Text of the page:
By Charles Sercombe
Detroit is not exactly whipping out a checkbook yet, but there is a good chance that Hamtramck’s tax dispute with the city will be settled in the near future.
Hamtramck is suing Detroit for property tax revenue it shares from the GM Poletown plant, which straddles both cities. Detroit says it has overpaid Hamtramck $7 million over several years.
Both sides met last Thursday in Lansing under the eye of state Treasury Department officials, who are trying to mediate a settlement. Hamtramck is about to run out of money by mid-March if Detroit doesn’t begin making payments.
According to Hamtramck City Manager Bill Cooper, the meeting went well.
“We walked away with the feeling that something was going to work out here,” Cooper said.
Detroit officials are spending this week, Cooper said, crunching numbers to see what kind of settlement and future payment plan would work out. A rumor going through town is that the state will forgive a multi-million dollar debt Detroit owes in exchange for a settlement with Hamtramck.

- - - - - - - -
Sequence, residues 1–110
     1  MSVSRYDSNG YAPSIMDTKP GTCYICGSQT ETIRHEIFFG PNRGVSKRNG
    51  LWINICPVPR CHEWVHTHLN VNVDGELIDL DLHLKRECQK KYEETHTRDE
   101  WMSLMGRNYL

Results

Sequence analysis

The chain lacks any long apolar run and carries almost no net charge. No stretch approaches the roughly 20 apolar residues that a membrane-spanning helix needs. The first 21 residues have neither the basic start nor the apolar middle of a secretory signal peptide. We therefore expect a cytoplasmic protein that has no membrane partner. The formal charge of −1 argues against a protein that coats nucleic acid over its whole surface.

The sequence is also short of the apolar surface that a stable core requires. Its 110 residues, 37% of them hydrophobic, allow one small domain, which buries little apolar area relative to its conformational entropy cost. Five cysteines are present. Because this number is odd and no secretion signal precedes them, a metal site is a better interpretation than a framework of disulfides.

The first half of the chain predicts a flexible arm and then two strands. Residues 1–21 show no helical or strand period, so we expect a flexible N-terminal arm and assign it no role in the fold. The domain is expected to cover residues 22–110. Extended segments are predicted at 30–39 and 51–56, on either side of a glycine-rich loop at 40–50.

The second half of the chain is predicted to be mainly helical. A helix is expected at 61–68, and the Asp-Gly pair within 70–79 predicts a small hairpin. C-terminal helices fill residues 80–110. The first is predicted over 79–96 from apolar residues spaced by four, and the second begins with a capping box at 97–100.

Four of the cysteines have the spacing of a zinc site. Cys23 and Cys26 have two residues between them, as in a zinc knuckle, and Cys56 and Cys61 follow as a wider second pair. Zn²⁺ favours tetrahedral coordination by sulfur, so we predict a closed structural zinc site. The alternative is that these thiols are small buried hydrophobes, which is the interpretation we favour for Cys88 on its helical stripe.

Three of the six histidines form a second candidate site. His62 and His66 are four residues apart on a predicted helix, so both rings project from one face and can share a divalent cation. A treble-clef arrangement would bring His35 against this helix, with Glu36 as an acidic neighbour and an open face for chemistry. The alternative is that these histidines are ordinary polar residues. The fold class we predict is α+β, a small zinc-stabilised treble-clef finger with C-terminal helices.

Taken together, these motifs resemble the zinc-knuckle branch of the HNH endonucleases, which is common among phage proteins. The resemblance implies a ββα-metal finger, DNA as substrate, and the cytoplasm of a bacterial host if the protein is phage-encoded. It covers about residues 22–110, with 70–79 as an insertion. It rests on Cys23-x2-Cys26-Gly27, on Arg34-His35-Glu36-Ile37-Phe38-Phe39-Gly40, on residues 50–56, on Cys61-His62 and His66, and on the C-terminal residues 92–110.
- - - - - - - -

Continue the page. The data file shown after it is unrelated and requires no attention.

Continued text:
Cooper said that’s not exactly right, but added that state officials conceded they will have to bring something to the table to get the deal done.
Normally, Hamtramck receives upwards of $2 million a year from Detroit. It’s not known how much Detroit will agree to Hamtramck. In the meantime, Hamtramck is racking up a $3 million deficit, largely due to these non-payments for the past two years from Detroit.
Cooper said that even if Detroit makes a payment soon, it’s likely the city will still need to take an emergency loan from the state to meet employee payrolls and pay contractors. The city is applying for a $2.6 million loan with an interest rate of less than 1 percent a year.
He said the city could immediately pay back the loan if Detroit comes through with a significant payment.
March 3, 2011 at 2:04 pm
sounds like the state is in favor of us, thats good.
however unless detroit drops $10 million in our lap, its not in our best interests financially to pay off the loan right away. that money can be better used to invest in making the city more profitable. when we get the loan, regardless of how much money detroit promises, stick with the payment plan on the loan. clear out any lawsuits, start selling holdings, improve cash flow, heck we can invest the money into other areas like low interest loans to businesses who want to improve. the interest from the loans will be more than the 1% the state is charging us and everyone wins!